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David Brown

David Brown: The Plan’s the Thing

Published

on

Don’t go another day without setting clear business objectives.

{loadposition davidbrownheader}

[h3]The Plan’s the Thing[/h3]

[dropcap cap=B]udgets are little more than goals for the store to achieve, and they can go a long way to being achieved if they are written down and reviewed. [/dropcap]

Budgets can serve a number of purposes: to keep costs under control, to measure performance against benchmarks, and to track staff and sales performance, just to name a few. Budgets can be conservative or optimistic – and neither form is wrong as long as you know why you are setting them. The most effective use of budgeting, however, is when the budget or goals of the business are tied to the needs of the owners.

Advertisement

Before setting a budget, it is important to prepare a GAP analysis – where the owner determines the gap between the business’s current performance and where he needs to be at the end of his remaining working life. A business owner with 10 years working life and $100,000 in savings will have a lot more work to do if he wants $1 million in retirement savings than an owner with $500,000 already saved and 20 years of working life ahead of her.

Determining your savings and lifestyle needs, and working backwards to determine the levels of profit needed to meet those needs (and hence the level of expenses, margin, sales and inventory you require to reach that profit), is the most effective way to set your budgets.

Some jewelry specific systems will provide you with a further budgeting breakdown by department so you know what sales and mark-ups you will require across each category. Still further, these budgets can be broken down to monthly and daily targets, so you can soon see where you are heading off course and take action to get back on track.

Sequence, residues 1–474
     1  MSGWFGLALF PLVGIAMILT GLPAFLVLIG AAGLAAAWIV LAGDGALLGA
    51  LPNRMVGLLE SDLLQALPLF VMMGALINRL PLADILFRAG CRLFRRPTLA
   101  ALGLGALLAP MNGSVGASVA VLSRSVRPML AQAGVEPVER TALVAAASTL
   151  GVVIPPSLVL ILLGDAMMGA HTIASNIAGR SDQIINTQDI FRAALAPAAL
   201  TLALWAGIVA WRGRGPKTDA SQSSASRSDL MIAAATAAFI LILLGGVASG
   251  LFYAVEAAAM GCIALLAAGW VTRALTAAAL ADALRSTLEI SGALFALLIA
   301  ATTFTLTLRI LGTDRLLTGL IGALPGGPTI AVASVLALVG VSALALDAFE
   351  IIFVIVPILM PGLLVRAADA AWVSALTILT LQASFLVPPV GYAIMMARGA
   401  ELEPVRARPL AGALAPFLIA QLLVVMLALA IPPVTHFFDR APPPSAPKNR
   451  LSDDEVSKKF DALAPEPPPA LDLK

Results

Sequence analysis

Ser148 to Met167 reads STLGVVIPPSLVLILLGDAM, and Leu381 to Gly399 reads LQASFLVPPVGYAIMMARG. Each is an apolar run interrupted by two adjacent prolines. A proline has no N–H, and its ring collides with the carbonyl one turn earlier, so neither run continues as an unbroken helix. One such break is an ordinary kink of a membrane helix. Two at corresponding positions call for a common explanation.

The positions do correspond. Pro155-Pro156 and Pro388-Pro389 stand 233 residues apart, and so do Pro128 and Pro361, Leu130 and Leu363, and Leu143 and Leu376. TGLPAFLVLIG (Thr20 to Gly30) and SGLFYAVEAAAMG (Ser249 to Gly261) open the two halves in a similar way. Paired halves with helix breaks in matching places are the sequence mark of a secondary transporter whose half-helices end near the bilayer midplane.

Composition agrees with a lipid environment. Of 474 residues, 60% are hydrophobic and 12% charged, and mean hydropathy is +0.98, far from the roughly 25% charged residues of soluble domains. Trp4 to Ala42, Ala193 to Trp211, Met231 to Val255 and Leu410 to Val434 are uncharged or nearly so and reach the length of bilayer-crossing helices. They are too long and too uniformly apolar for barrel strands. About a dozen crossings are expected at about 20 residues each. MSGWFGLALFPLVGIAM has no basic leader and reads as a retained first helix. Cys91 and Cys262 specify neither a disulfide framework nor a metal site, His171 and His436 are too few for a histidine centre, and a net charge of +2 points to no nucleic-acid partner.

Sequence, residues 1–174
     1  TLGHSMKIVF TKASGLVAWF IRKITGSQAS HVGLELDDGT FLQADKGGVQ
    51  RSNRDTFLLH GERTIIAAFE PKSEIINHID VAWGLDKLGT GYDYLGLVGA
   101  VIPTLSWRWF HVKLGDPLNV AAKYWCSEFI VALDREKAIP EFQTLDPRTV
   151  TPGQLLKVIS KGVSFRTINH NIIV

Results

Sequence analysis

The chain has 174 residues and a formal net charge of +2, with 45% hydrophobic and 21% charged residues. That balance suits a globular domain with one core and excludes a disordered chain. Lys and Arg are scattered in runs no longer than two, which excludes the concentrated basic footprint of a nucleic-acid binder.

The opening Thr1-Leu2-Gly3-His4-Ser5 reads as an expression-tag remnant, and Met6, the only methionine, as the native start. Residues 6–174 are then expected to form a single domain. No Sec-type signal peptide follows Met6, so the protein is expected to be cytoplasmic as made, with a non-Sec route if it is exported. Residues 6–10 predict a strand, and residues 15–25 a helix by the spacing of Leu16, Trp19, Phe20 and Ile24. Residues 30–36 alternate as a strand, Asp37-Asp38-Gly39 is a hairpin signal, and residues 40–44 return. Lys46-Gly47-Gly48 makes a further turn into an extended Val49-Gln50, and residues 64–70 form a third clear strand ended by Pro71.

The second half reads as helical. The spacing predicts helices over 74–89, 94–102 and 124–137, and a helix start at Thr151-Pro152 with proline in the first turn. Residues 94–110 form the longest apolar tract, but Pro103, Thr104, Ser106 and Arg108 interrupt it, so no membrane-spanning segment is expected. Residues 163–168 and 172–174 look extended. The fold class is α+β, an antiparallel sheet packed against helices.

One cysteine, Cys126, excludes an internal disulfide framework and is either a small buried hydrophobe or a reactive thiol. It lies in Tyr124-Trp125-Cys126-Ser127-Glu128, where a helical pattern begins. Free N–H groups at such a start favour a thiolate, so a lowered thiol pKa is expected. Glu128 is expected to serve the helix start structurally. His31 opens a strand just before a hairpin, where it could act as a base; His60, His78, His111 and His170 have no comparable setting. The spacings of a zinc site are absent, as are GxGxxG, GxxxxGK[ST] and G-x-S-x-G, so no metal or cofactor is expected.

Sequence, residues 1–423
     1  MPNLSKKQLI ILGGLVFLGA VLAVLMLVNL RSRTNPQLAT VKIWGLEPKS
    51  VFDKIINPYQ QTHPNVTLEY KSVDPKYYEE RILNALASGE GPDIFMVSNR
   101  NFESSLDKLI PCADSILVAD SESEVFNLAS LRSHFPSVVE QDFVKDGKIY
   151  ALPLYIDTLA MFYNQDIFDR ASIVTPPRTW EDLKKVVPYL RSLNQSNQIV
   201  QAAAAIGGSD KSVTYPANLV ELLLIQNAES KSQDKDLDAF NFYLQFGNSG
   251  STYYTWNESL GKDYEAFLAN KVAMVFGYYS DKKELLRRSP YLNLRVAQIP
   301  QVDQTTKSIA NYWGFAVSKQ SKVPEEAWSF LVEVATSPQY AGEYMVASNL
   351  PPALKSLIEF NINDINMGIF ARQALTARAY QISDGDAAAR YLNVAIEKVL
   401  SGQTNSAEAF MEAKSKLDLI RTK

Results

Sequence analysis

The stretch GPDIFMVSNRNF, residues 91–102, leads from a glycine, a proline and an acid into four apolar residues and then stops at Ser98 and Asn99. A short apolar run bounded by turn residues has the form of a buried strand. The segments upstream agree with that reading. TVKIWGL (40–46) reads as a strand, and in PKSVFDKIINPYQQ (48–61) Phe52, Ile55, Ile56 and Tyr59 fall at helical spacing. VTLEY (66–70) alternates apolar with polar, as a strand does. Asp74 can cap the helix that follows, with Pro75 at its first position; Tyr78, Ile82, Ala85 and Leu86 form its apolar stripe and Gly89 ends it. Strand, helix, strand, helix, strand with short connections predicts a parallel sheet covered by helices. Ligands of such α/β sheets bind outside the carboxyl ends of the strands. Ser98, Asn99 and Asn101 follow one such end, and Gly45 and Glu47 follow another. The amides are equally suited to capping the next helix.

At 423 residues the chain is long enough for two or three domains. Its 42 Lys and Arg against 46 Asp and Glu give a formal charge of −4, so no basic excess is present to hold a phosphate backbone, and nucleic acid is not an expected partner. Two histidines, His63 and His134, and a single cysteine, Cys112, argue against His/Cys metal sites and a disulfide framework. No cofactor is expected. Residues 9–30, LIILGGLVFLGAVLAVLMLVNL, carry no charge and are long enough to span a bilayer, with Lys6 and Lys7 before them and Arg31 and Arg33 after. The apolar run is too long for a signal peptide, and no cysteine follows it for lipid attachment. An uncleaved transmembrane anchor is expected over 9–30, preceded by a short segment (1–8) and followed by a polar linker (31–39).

Business is a constantly changing game, and the recording and measuring of this information daily is crucial so you can take steps to be at the top of your game.


David Brown is president of the Edge Retail Academy, an organization devoted to the ongoing measurement and growth of jewelry store performance and profitability. You can contact him at [email protected]

[span class=note]This story is from the January 2010 edition of INSTORE[/span]

Advertisement

If you’d like to contribute your own data and receive a personalized KPI report each month, call (877) 910-3343 or e-mail: [email protected].

{loadposition xtra-browncolumn}

Advertisement

SPONSORED VIDEO

Wilkerson Testimonials

If It’s Time to Consolidate, It’s Time to Call Wilkerson

When Tom Moses decided to close one of the two Moses Jewelers stores in western Pennsylvania, it was time to call in the experts. After reviewing two candidates, Moses, a co-owner of the 72 year-old business, decided to go with Wilkerson. The sale went better than expected. Concerned about running it during the pandemic, Moses says it might have helped the sale. “People wanted to get out, so there was pent-up demand,” he says. “Folks were not traveling so there was disposable income, and we don’t recall a single client commenting to us, feeling uncomfortable. It was busy in here!” And perhaps most importantly, Wilkerson was easy to deal with, he says, and Susan, their personal Wilkerson consultant, was knowledgeable, organized and “really good.” Now, the company can focus on their remaining location — without the hassle of carrying over merchandise that either wouldn’t fit or hadn’t sold. “The decision to hire Wilkerson was a good one,” says Moses.

Promoted Headlines

Most Popular